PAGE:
Ovum donation bill moves a step closer to becoming law

Ministerial Committee on Legislation give decade-old law “continuity status."

MK Arye Eldad (National Union), who headed the Knesset subcommittee that drafted the bill regulating human ovum donations, on Monday applauded the Ministerial Committee on Legislation for giving it “continuity status,” which will allow the Knesset to approve it within a few weeks.
Ten years in the making, the bill, if passed, will allow Israeli women not undergoing fertility treatment to donate ova to those who desperately want to be mothers but have no eggs of their own.
For years, the supply of ova has been very sparse, forcing women to go abroad to purchase them. Eldad, a maxillofacial surgeon and professor by training, thanked Deputy Health Minister Ya’acov Litzman for agreeing to raise the request for the bill to be given continuity stratus. It was passed on its first reading in the previous Knesset, but then got bogged down by a member of Litzman’s own party. Without this status, it would have had to be launched from scratch, thus taking even more time until put into effect.
Eldad and MK Rachel Adatto (Kadima), a gynecologist and lawyer by profession, had presented their own private members’ bill with virtually the same wording as that of the government bill that has now received approval from the ministerial committee. The two MKs initiated their legislation after seeing the opposition the state bill met with last year.
“I have no doubt that the government made this decision in part because of the private members’ bill that we wrote,” he said.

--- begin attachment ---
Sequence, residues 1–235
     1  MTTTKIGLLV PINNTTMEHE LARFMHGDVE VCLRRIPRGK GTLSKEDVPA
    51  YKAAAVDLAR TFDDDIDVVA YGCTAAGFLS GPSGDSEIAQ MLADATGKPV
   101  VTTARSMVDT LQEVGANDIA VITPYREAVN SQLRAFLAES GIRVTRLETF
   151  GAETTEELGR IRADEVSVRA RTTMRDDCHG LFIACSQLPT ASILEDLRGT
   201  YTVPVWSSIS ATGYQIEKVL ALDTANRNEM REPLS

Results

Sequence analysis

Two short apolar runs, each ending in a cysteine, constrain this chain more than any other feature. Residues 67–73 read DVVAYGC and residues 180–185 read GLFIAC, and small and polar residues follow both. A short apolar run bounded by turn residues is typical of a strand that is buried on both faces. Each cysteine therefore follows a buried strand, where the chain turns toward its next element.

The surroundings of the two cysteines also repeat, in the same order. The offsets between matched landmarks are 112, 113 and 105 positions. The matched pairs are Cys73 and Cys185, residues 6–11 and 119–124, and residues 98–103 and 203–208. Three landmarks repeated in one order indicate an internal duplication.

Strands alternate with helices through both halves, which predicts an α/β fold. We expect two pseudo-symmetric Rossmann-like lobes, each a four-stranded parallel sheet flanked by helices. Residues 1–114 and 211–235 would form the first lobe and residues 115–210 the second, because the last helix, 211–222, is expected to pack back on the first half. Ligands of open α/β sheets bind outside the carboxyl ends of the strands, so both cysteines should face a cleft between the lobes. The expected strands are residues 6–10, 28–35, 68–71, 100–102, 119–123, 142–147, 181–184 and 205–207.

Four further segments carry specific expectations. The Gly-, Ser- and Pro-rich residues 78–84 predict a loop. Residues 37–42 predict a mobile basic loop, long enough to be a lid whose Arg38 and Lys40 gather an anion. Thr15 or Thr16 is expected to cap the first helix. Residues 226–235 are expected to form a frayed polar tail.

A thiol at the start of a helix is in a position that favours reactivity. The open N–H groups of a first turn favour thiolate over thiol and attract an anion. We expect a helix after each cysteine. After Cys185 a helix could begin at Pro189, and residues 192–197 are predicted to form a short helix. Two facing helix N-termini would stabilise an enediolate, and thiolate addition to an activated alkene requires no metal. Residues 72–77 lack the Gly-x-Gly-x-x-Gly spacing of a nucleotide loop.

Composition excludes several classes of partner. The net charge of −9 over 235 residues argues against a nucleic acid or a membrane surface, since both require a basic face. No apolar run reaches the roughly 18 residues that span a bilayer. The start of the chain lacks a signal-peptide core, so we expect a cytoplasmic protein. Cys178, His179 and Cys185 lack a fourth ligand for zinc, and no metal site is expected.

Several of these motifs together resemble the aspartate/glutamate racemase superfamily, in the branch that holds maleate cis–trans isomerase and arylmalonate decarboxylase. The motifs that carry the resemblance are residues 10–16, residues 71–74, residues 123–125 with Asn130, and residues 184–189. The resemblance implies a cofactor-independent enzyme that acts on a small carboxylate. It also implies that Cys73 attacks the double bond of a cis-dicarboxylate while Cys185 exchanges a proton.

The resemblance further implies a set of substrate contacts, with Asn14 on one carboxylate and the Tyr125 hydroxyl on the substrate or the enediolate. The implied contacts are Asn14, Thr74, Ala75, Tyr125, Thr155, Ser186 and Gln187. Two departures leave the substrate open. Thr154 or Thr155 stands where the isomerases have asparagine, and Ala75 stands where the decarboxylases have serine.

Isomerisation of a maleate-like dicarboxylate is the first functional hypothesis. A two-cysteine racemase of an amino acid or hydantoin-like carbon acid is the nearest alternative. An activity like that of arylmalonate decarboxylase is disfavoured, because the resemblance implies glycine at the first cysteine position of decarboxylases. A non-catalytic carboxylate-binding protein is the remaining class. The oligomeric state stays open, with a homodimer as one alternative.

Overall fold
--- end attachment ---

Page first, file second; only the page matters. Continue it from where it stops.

Eldad added that he was sure the legal process could be completed quickly.
The law would give financial compensation for time, pain and expenses to Israeli women who donate spare ova to infertile women, but would prohibit the sale of human eggs in the country.
Adatto, who was involved in the proposal a decade ago as a gynecologist, said Monday that the law will be “a boon to couples who had to go abroad for ova” in the hope of becoming parents, and that she was glad to be a partner in the process.
Litzman, a Gur hassid from United Torah Judaism, consulted with various senior rabbis before giving his approval to the government bill. Learning from a number of leading rabbinical arbiters that they – but not others – had changed their mind about who could be considered the mother according to Jewish law if the embryo was produced with an egg from a non-Jewish donor, Litzman realized it was preferable that eggs be donated by Israeli Jewish women.
But Health Ministry legal adviser Mira Huebner said “the law will not make mandatory the conversion of the child who is conceived from the ovum of a non-Jew; the couple will only have to be told that there may be halachic problems in such a case and be asked to consult with their own rabbis.”